The fact that licenses seem to be viewed as a form of “entitlement” for owners and agencies to operate at their own discretion and the fact that high rental fees charged to renters offer those renters a sense of “entitlement” to do as they wish (“Hey, I paid for this place and I’ll do whatever I want to do!”) appear to get lost in the Town’s interpretation of its STRA intentions.
Despite the STRA By-law stating in Section 7.2 that “The License Issuer may refuse to issue or renew a [STRA] License where: (a) there are reasonable grounds for belief that the operation of the business may be averse to the public interest”, nowhere included in the application process is there any opportunity for a neighbouring resident to voice any concerns over the operation of a Short-Term Rental Accommodation in the residence next door. In terms of zoning restrictions, it’s the Town who identifies STRA’s as a “business”, yet they issue licenses in residential areas, on the shores of fragile lake ecosystems and on private roads where the road owners are then liable for renters accessing their “vacation destination” and for owners of STRA’s, along with their rental agencies, operating their businesses on that private road!
Otter Lake is the start of the Mary Lake watershed. It is our Lake Association’s goal to do everything in our power as a community to preserve the health of our waters as they flow down into other parts of the district and beyond. We remain very cognizant of the need to practice safe septic system usage. The residences being turned into STRA “ghost hotels”, where renters operate without any supervision from the absentee landlords, jeopardize our watershed health. When Town-issued STRA occupancy limits are ignored week-after-week and renters are permitted to invite a limitless number of daily guests to share in their “vacation paradise”, the real potential for septic system overload becomes a paramount issue. The Town seems to believe that toilets are only used by overnight occupants. Where do they think people “go” during the day?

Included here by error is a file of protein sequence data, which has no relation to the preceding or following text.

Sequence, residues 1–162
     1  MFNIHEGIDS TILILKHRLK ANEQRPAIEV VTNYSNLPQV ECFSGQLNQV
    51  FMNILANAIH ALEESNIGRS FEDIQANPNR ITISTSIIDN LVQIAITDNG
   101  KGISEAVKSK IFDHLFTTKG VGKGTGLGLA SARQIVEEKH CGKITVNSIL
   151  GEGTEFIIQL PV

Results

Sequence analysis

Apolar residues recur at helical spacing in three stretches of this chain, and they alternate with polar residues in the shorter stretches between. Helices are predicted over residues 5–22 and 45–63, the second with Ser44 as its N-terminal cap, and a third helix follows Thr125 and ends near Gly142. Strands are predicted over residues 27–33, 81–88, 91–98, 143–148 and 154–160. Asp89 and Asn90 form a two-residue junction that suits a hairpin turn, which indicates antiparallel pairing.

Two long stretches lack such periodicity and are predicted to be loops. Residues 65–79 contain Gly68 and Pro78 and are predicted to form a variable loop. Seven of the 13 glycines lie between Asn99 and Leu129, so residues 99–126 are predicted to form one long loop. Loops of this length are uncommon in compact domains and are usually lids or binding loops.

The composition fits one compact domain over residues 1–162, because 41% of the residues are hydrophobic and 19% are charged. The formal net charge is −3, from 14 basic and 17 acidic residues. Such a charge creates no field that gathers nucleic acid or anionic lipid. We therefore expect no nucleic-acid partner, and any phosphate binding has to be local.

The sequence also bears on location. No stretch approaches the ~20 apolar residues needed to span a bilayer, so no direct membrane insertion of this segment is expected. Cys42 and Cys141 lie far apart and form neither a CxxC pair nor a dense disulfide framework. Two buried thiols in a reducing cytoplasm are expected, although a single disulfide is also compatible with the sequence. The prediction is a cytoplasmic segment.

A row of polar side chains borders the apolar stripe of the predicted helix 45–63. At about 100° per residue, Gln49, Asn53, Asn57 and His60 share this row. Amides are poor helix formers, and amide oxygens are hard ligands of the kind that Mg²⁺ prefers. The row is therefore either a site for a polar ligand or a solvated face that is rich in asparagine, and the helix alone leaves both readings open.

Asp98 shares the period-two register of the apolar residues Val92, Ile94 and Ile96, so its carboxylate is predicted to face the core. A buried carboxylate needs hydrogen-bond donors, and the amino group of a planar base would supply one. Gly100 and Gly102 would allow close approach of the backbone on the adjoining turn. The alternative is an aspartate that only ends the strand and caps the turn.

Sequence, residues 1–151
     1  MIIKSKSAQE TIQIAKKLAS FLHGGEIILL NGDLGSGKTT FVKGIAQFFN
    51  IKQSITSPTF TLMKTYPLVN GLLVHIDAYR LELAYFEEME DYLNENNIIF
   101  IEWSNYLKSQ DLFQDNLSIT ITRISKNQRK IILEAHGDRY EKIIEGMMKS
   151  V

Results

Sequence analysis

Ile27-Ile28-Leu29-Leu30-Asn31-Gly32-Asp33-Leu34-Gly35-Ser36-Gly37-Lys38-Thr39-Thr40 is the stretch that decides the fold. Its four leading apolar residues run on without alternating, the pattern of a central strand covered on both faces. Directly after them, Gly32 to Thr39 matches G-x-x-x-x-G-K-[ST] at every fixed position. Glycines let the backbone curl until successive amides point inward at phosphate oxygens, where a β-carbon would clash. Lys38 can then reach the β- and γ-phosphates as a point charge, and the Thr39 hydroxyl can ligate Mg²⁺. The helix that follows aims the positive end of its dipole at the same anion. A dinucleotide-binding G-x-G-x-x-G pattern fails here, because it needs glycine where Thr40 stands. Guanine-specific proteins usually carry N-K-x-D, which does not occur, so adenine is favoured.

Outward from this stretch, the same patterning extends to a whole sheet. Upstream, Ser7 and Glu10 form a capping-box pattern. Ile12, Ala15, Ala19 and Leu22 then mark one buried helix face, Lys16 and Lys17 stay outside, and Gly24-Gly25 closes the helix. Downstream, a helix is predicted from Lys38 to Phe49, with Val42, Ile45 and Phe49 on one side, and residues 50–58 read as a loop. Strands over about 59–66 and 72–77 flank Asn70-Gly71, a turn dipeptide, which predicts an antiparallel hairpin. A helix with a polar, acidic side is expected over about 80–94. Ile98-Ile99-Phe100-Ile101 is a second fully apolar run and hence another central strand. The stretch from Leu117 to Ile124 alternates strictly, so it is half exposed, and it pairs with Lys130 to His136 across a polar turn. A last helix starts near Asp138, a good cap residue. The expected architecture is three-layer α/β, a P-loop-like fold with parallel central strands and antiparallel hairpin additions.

STRA’s are destroying the very fabric of our community. Residences go up for sale, new buyers pay exorbitant prices, rental agencies such as Airbnb entice these owners to “make a lot of money” by turning their new cottage into a Short-Term Rental Accommodation and the Town readily and willingly grants a license to legitimize the “business” without, seemingly, showing the resolve necessary to enforce the by-laws that they put in place to protect the community. This is what is currently transpiring on Otter Lake and, if it’s not already on your doorstep, it’s on its way!
It is time to call for the Town of Huntsville to convene a public forum so that Town councilors and employees can understand how STRA’s are undermining the lives of neighbouring residents. It is time to call for the Town of Huntsville to convene a “meeting of municipalities” in order that it can learn how other areas of the province are more successfully dealing with the proliferation of STRA’s. It is time for the whole topic of Short-Term Rental Accommodations to become a major electoral issue in the upcoming Fall Municipal Election.
Michael Walmsley is a retired Elementary School Principal and permanent resident of Huntsville and the Otter Lake community. He views watershed health and the protection of community as vitally necessary for preserving the best of Muskoka.